We had another failed infant adoption at Christmastime, a jail mom who had chosen us to parent her baby when it arrived in March. But when she was transferred to another prison for a longer sentence, she changed her mind. That was definitely the straw that broke my year-long, adrenaline-fueled positivity. In case you haven’t been keeping track, we had a failed infant adoption in April, Baby J who left very unexpectedly in July, second baby J (who was actually our failed infant adoption) who left very unexpectedly also in November, and then our second failed infant adoption in December, right between Christmas and the New Year. And those are only the situations that really came to pass – or almost did, at least. There were countless other phone calls from our agency that made my heart stop and shaved months, if not years, off my life.

I’d describe it as one of the best and hardest years of my life. I was finally a mom, and Maya was and is utterly perfect. We fell into foster care and I will never, ever regret that. It was one of the biggest gifts I’ve ever been given. And neither Michael nor I regret having had either Baby J’s (or the two other very temporary babes) in our home. In fact, I think we feel the most positive about those situations. Those were difficult, but we feel strongly about our role in them. God needed us to stand in the gap for both of those perfect souls in order to set them on a better path when they left our home.

But failed adoptions without ever meeting the baby? Pffft. No, thanks. Those just plain old stunk. I know that our role was likely to give a mom in crisis the feeling of a safety net for her child. And maybe having us as her safety net allowed her to regain strength to decide to parent. So I can’t say that those situations were fruitless either, it was just much more difficult to tangibly feel our impact. Honestly, those two situations felt a little mean. I know this is what many people go through before they are able to bring a single baby home by adoption, and I am ever so grateful we had the reverse version.

Needless to say, after that year I needed a change of scenery and a change of focus. Our family needed to heal and grow together, just the three of us. We needed time to breathe and just be. And I had been feeling like Maya needed to see more than just me every day for a few months. She is a social toddler and it was becoming clear that she needed to be around other kids and other adults. Daycare has been an easy transition for her, for the most part.

So when Michael called me at Christmastime and said his principal was asking if I would be interested in the English tutor job, it was perfectly timed. I started in late January and I’ve been powering through every since. And I love it. Like fully, unexpectedly love it. We have two more weeks of summer school left and all I can think about is how I can somehow replicate this sort of job when we return to Dublin. I’m not entirely sure that’s possible, considering I don’t have any sort of teaching degree and Ireland hasn’t embraced the charter school mentality like the United States has (for better or for worse – that’s a conversation for another day). So for now, I’m trying to soak it all in.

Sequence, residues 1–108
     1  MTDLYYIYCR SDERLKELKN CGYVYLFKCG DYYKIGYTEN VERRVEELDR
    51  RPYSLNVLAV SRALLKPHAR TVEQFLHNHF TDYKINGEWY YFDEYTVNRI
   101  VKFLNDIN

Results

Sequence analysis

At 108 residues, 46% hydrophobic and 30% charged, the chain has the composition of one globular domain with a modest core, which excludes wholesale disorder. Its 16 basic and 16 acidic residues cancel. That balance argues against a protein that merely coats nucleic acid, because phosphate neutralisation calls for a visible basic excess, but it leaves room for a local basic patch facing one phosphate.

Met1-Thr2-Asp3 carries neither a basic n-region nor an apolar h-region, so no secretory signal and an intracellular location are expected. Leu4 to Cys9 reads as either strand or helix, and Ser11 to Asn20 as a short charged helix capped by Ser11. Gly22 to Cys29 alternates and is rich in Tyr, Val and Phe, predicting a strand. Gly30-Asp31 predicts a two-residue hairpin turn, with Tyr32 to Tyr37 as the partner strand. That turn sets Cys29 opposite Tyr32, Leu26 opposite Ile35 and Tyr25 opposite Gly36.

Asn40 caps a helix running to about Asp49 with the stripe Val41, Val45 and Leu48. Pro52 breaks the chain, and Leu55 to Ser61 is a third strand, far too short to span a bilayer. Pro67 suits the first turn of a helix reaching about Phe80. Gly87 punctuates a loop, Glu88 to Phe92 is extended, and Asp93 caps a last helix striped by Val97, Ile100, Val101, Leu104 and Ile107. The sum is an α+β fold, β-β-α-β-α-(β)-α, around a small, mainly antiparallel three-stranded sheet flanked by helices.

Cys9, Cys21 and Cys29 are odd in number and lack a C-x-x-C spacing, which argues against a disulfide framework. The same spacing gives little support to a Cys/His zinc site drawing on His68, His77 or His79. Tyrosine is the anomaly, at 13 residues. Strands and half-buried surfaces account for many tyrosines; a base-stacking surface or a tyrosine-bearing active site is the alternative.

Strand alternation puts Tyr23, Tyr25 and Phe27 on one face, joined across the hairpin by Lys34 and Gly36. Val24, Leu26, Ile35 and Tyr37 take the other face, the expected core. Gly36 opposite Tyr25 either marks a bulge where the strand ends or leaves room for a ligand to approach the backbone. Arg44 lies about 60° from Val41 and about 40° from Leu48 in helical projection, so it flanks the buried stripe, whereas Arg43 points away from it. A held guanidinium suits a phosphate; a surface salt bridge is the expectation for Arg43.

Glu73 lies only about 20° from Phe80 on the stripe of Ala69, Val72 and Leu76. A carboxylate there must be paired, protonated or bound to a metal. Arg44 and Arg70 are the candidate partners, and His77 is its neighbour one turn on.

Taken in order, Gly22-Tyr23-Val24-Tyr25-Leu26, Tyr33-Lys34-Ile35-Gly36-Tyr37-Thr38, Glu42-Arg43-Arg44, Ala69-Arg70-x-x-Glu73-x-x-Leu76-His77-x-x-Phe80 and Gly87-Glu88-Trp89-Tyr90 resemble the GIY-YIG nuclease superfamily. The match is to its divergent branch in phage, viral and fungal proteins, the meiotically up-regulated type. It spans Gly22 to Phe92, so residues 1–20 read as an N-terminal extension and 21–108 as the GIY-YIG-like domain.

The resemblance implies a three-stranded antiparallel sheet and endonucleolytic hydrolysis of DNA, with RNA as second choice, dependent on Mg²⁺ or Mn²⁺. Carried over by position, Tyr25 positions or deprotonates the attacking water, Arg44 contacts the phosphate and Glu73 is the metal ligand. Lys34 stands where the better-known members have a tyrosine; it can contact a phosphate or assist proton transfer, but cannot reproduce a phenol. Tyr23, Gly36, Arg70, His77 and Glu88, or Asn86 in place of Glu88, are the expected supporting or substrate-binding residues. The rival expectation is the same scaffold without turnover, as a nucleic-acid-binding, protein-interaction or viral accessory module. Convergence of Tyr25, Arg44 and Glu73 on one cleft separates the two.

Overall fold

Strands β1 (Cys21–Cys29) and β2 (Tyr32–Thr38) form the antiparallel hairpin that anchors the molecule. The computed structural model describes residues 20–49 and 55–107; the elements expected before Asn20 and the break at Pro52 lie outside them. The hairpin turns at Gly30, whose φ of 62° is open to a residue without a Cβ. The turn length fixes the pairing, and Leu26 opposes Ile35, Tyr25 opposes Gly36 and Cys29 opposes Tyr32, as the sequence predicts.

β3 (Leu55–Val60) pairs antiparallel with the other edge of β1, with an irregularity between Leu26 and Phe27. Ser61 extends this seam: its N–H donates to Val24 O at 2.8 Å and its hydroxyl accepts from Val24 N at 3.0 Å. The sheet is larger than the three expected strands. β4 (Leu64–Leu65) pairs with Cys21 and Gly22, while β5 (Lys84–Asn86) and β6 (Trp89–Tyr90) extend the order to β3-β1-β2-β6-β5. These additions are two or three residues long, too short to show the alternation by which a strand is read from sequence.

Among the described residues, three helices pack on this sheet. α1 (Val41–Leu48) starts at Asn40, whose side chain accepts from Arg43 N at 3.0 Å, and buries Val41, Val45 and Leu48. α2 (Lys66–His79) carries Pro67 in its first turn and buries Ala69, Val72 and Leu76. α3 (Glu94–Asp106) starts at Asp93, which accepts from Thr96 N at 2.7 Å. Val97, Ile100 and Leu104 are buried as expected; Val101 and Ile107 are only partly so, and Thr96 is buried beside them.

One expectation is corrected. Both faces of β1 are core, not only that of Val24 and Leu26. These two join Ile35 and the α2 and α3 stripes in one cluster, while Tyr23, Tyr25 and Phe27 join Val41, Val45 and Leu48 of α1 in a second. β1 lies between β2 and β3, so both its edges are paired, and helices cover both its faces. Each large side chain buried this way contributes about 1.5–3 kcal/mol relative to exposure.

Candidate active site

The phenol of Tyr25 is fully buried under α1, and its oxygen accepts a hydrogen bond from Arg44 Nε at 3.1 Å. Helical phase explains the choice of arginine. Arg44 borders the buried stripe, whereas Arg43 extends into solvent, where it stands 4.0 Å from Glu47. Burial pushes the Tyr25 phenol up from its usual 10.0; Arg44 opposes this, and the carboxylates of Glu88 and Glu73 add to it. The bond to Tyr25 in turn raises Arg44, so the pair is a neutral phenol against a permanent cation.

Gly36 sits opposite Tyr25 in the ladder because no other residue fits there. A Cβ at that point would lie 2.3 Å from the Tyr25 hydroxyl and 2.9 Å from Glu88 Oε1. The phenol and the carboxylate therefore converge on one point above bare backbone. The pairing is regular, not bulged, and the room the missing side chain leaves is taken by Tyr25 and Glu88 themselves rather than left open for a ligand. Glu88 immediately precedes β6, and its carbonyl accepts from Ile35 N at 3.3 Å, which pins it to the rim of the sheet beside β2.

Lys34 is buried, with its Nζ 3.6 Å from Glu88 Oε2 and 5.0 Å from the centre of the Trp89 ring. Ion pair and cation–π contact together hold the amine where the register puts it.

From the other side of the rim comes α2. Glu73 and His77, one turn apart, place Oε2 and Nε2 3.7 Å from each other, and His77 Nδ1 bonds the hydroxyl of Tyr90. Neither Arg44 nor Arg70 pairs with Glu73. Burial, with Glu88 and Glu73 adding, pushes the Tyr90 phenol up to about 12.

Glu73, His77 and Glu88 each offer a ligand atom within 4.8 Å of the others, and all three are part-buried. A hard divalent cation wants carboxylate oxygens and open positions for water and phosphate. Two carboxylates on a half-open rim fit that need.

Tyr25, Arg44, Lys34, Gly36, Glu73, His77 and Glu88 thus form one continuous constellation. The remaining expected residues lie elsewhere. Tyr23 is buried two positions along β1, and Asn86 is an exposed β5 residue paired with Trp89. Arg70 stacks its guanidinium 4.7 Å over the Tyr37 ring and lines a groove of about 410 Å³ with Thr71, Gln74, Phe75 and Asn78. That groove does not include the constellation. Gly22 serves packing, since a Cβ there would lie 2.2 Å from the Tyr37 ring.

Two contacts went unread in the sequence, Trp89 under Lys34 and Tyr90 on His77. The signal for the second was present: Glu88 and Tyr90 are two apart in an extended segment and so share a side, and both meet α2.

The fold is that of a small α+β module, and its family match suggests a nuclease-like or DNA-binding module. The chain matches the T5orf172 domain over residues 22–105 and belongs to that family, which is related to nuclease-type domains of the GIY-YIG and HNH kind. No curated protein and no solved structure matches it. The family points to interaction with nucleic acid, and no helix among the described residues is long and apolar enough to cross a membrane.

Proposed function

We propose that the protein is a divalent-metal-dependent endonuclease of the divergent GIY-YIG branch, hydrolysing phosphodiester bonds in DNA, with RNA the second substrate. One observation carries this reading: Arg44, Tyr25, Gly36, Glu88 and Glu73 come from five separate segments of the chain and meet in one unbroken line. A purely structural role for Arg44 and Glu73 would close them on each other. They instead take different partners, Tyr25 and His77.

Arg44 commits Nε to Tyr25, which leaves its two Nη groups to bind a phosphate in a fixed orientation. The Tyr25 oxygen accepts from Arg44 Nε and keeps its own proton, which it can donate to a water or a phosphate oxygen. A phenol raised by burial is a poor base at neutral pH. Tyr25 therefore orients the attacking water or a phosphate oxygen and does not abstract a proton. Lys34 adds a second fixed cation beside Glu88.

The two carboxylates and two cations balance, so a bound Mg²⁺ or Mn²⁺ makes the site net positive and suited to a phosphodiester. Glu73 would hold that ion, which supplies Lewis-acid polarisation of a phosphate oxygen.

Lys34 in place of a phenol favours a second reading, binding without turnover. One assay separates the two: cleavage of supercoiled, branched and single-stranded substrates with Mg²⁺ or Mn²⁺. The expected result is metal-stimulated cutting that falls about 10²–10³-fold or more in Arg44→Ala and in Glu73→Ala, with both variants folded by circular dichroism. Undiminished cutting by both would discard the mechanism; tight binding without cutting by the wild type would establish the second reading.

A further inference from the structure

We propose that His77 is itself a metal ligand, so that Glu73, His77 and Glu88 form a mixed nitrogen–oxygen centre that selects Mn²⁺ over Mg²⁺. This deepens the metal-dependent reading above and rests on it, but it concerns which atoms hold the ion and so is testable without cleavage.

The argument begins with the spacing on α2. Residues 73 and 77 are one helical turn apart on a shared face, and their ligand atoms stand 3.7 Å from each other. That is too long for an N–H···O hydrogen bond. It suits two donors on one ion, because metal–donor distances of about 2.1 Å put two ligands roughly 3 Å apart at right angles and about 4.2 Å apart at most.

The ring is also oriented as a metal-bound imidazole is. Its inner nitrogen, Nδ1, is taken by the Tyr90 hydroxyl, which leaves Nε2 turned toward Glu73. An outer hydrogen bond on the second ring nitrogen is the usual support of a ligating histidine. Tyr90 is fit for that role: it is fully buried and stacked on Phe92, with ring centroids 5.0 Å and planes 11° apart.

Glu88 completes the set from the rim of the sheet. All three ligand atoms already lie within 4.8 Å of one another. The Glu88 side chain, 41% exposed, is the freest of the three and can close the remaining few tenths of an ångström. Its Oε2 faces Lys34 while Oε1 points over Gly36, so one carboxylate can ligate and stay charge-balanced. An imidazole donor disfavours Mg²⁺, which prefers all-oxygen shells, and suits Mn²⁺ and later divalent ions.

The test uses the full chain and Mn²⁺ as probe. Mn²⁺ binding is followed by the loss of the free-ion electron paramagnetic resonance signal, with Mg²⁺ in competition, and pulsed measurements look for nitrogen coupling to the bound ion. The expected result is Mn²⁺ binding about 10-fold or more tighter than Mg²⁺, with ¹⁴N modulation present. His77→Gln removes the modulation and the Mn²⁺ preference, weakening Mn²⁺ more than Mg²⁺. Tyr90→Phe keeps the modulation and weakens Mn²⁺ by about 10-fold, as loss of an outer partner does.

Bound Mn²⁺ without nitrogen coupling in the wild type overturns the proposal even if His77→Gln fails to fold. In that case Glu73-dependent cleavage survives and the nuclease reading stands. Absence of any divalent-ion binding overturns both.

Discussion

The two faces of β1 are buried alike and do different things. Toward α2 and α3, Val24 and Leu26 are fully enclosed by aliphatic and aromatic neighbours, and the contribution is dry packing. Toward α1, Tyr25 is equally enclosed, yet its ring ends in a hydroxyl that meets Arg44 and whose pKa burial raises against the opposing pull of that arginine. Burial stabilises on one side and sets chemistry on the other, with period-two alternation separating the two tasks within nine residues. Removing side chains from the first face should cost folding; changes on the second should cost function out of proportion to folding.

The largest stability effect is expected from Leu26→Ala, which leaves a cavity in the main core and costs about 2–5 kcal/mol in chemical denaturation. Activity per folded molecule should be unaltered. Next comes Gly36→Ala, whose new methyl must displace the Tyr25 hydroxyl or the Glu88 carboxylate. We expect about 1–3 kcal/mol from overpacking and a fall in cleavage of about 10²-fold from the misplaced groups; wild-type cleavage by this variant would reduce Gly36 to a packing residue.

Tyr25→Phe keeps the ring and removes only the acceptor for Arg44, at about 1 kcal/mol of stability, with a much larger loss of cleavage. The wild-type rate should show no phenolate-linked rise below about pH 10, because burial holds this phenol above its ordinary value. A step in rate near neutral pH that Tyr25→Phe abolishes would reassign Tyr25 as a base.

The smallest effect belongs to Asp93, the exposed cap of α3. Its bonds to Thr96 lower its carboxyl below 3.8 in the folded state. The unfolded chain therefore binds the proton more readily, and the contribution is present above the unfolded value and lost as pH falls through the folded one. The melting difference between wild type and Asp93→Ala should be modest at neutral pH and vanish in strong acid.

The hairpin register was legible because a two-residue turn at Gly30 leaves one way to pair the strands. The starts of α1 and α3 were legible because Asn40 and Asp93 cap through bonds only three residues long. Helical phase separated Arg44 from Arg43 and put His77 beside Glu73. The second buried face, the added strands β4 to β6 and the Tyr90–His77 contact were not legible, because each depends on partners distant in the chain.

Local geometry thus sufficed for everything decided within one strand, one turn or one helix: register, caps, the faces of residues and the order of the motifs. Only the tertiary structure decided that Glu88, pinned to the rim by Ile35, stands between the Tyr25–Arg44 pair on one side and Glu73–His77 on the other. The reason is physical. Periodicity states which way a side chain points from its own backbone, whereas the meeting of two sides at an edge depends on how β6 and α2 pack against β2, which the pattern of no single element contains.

Let me take a moment to explain that the school we’re in is approximately 6 blocks from our apartment. It’s also super small, around 240 kids in an old bank that doesn’t even have a gym. They do all their PE classes out on the parking lot next to the school. The breakdown of kids is about 70% Hispanic, mostly ESL (English as a second language – as in most of them don’t speak English outside of school and a lot of their parents don’t speak any English). About 15% is African American, and 5% is white. Many of the teachers and staff speak Spanish as a native language. The kids have almost all arrived at our school from other, bigger or tougher high schools. Many of them failed out or were forced out because of discipline reasons. Our school is the end of the road for a lot of them – the last option to get a degree after spending many years in an education system that doesn’t fit their needs. For a reference point, it’s not unlike the movies Dangerous Minds or Freedom Writers. Teen pregnancy, teen jail time, parent jail time, foster situations, extreme poverty, extreme neglect, and many families split or struggling because of immigration.

I spent the second semester working one-on-one or one-on-two with kids who needed extra help trying to pass the state standardized English test. The funding for our charter school is dependent on a certain number of those children passing the standardized tests, so I was working with the kids who had the most likelihood of passing. They were just on the cusp – and I found out last week that many of them did pass. (Phew!)

Toward the very end of the semester, I happened to be sitting in the special ed room when a student needed help with a worksheet. The other two aides were occupied, so I offered to help even though he wasn’t one of my kids. Well, he is now. He straight up broke my heart, not unlike both Baby J’s did last year. The idea that he would graduate next year without being able to reasonably read a menu at a restaurant or read a letter from a utility company or read his kids a book a decade (hopefully) from now broke my heart.

I’ve been working with him ever since. Every day, we work on reading. Very basic reading. We work on digraphs and blends and flash cards and sight words. We chat, I encourage eye contact, I tell him he is improving, I tell him he’s smart.